Alert your neighbors (if you trust them) that you're gone from time to time and that no one should ever be there when you're away.  (or tell them who would be the only one who should be there)


8.)  Use Online Banking.   If your bank offers the ability to go online to look at the status of your account, look at it often.  If you wait until your statement comes, you've likely given someone weeks of time to be out writing checks.  I caught the problem just 5 days after the first check cleared, but they've managed to write nearly 70 checks anyway and they're not all in yet.


9.)  Be careful who you tell about the kind of work you do.   Since my episode started, nearly everyone I've told about it says, "You know this person."  Nothing else was taken except checks.  I didn't even know anyone had been in my house.  They didn't disrupt anything else.  After much thinking, I do have a fairly good idea as to who might have either been the one to enter my house, or tell someone else about me.  I could kick myself because it is a person that I didn't trust.  It is a natural conversation topic, though, to tell someone what you are currently doing for a living.  Especially when you first start driving, it is only natural to be proud and happy of your new job.  Knowing what I know now, I will either lie about my job and/or schedule when talking about my profession.  I will now go to extreme effort to just "pop" in at home anytime I'm going through my town.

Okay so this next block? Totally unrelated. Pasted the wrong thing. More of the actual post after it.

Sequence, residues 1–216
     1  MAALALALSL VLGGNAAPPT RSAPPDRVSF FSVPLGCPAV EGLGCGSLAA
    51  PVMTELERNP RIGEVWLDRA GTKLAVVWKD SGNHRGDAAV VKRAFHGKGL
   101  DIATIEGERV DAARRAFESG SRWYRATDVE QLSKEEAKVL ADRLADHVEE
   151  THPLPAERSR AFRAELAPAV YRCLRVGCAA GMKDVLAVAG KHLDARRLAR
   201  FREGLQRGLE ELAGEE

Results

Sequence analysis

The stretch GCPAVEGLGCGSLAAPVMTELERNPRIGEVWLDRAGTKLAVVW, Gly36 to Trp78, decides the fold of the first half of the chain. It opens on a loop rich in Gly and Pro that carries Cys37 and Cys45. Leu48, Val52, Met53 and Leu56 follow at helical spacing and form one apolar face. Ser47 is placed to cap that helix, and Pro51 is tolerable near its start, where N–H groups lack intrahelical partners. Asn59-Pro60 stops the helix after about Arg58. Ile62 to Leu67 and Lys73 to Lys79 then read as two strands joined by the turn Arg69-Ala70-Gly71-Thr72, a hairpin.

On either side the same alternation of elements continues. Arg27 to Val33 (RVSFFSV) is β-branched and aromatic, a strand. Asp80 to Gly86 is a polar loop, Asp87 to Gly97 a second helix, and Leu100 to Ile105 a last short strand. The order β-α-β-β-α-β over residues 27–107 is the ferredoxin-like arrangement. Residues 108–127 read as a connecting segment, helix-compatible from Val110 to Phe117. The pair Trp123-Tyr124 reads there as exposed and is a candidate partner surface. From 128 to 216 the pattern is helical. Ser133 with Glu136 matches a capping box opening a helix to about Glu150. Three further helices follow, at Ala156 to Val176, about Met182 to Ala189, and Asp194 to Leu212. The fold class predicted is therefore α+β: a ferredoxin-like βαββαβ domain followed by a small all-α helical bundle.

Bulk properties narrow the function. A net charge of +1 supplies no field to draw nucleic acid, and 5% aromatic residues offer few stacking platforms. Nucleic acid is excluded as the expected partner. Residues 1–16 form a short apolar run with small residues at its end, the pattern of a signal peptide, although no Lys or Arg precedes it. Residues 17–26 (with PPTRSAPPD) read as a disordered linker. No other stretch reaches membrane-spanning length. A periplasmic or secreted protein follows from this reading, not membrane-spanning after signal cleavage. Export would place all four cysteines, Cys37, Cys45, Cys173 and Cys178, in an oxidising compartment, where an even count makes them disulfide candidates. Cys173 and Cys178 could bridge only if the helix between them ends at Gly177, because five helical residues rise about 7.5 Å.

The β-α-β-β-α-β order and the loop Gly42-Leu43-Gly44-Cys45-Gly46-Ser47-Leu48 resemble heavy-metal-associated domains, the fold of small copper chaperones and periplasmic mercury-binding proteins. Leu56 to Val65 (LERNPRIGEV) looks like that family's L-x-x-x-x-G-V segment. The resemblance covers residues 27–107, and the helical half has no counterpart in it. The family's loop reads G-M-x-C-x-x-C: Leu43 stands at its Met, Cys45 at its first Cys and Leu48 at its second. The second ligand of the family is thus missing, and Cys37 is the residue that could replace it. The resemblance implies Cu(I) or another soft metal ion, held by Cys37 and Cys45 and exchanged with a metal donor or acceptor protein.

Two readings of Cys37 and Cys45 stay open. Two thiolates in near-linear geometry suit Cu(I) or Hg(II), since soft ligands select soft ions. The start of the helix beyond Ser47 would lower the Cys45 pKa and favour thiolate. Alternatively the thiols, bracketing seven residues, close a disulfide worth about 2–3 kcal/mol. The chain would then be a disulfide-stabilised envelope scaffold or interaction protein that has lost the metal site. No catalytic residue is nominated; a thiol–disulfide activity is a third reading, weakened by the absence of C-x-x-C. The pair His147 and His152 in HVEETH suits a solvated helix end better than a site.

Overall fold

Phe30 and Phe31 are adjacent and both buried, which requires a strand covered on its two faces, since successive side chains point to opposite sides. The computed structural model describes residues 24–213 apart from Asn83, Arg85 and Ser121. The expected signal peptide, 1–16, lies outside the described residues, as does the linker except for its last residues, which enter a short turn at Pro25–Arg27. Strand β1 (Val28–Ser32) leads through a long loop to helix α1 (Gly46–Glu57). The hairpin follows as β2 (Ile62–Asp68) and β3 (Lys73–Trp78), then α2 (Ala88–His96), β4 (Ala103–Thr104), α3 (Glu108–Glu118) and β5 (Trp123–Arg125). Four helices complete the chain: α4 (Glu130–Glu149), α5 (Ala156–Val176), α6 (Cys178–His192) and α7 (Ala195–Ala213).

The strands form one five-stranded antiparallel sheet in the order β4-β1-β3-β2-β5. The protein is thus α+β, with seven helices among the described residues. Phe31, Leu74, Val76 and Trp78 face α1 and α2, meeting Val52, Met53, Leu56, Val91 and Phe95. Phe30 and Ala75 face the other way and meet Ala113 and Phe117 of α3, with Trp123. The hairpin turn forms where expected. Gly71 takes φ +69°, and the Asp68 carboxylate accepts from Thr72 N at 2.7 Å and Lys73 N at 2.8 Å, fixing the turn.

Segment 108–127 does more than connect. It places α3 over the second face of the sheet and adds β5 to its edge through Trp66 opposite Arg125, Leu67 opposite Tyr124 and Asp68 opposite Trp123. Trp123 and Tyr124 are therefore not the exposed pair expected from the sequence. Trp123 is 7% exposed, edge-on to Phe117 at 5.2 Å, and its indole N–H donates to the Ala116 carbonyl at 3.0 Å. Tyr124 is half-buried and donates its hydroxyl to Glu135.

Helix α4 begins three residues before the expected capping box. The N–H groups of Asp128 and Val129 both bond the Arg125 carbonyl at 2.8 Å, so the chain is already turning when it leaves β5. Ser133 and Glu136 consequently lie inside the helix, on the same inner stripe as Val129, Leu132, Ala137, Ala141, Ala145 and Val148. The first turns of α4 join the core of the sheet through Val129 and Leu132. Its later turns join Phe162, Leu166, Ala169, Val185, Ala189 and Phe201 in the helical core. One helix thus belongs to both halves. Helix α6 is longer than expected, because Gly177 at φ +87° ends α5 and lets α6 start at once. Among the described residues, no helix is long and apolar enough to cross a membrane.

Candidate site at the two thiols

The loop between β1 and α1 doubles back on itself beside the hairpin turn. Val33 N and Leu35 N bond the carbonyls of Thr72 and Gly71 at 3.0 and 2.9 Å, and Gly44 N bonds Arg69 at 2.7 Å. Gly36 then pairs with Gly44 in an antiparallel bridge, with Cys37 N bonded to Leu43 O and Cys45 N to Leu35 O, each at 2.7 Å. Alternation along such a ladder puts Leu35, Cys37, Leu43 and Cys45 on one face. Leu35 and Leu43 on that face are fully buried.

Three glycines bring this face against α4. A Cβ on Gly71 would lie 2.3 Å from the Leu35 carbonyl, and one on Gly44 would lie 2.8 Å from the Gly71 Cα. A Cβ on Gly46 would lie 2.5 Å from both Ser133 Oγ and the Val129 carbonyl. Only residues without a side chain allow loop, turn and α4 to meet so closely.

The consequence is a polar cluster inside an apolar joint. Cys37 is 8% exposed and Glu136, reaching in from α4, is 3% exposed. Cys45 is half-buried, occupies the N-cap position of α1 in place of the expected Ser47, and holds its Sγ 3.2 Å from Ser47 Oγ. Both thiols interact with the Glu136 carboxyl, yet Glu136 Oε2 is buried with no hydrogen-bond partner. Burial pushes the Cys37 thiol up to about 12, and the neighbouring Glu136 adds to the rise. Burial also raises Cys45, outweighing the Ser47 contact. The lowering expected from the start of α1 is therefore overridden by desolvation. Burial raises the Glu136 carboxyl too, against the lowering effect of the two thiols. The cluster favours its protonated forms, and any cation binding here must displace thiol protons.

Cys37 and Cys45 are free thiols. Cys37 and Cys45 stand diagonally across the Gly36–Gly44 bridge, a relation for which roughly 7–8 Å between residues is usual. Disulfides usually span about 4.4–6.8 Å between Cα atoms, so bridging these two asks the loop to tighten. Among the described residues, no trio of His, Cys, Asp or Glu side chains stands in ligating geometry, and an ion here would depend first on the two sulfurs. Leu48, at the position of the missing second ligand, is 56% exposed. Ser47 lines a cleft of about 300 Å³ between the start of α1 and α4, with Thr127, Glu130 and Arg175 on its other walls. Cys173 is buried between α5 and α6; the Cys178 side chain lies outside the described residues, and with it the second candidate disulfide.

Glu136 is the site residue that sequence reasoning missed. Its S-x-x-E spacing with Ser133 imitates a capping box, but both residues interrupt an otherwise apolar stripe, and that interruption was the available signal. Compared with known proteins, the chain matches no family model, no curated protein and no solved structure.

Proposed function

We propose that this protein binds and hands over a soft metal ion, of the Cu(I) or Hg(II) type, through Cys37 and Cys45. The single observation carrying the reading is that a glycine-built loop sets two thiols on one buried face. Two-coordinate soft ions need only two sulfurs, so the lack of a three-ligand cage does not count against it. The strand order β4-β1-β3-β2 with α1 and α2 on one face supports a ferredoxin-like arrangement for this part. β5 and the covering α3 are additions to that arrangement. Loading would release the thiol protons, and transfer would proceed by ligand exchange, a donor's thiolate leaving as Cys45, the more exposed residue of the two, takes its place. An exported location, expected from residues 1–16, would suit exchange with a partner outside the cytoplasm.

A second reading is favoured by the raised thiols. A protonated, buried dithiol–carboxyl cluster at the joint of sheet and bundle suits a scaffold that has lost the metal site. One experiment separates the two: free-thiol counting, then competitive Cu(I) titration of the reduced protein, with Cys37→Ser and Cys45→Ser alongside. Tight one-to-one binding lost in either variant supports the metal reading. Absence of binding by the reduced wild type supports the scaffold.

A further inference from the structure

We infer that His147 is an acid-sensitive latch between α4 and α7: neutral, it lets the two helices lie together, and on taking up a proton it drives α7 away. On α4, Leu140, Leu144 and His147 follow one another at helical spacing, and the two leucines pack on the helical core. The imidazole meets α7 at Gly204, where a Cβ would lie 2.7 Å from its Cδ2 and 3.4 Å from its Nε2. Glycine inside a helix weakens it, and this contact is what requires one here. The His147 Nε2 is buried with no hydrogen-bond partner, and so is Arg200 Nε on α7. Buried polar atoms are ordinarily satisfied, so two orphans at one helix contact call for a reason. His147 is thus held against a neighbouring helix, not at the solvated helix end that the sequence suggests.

10.)  Notify police and bank(s) ASAP!  Although unclear, some research that I've done indicates that you will not be held liable in most instances provided that you caught the fraudulent activity in a "timely fashion."  If you don't balance your checkbook but every three months and a fraudulent transaction is caught 3 months late, you may be held monetarily liable!!!!